Lawyers are a little like pirates – both refuse to tolerate those who break the code.
So when attorney Mark Ruppelt thought he could get away with initiating a sexual relationship with a 27 year-old female client, he thought wrong.
The American Bar Association’s code prohibits sexual contact between attorneys and clients unless a sexual relationship was established before the client-lawyer relationship commenced.
The pair of law-crossed lovers in this tale are now married but this did not stop the Office of Lawyer Regulation (OLR) from dragging Ruppelt to the Supreme Court to have him publically reprimanded for misconduct.
Ruppelt was working as a partner at US firm Gatzke & Ruppelt SC, which is based in Milwaukee, Wisconsin, when he was asked by his future wife to represent her in a civil claim.
In 2008 Ruppelt brought a case against her former teacher who was alleged to have sexually assaulted Ruppelt’s client when she was a student at school.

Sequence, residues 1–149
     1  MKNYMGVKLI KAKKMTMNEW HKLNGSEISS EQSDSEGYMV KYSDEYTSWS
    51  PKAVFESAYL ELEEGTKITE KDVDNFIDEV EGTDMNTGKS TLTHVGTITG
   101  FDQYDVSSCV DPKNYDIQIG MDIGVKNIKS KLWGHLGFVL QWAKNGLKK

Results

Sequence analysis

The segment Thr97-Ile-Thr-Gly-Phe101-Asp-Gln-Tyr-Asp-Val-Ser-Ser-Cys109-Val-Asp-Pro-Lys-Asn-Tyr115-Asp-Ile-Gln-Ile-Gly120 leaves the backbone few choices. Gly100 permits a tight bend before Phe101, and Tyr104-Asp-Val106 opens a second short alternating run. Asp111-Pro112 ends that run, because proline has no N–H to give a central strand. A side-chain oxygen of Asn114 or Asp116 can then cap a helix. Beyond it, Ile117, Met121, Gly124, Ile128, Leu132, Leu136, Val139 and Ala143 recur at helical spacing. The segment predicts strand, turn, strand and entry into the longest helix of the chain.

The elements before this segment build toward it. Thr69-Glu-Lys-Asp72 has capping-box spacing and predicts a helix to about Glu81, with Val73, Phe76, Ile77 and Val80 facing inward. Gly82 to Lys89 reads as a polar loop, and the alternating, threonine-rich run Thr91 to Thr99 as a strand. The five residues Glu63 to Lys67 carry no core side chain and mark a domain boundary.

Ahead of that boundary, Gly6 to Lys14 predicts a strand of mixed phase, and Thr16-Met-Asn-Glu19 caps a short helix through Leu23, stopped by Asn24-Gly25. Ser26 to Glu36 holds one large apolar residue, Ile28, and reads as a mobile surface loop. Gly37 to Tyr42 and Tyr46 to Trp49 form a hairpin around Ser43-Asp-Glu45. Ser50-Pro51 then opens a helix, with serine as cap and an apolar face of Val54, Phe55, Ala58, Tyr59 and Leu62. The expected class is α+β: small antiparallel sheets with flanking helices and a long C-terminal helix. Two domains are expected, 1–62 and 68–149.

By April 2009 things had started to get a little more romantic. Let’s just say Ruppelt “negotiated a merger” with his client.
Ruppelt’s change in behaviour did not go unnoticed at the firm and, shortly after the sexual relationship began, senior attorneys at the firm, James Gatzke and Paul Bucher, called Ruppelt into the office to question him.
Ruppelt flat out denied he was fraternising with his client and refused to admit that any personal e-mail, texts or voicemail messages had been exchanged with the woman he was representing in court.
The client also lied about the affair when she was interrogated by a member of the firm.
Folklaw thinks the love birds would have done better to fess up but they kept silent for some time.
In May Ruppelt finally caved, acknowledging to Gatzke that he was guilty of fornicating with his client. For some reason, when the OLR came to investigate, he slipped back into lies, telling the regulatory body that nothing was going on.
The couple married in June 2010 but Ruppelt couldn’t escape public reprimand. Two years after the wedding he found himself in front of Supreme Court judges facing four counts of misconduct.
On top of a formal slap on the wrist, Ruppelt was forced to pay the $10,000 legal costs incurred by the OLR during the proceedings.
For the sake of honesty, Folklaw has to question the client’s taste. What were you thinking? Ruppelt must have a charming wallet because he really isn’t much of a looker…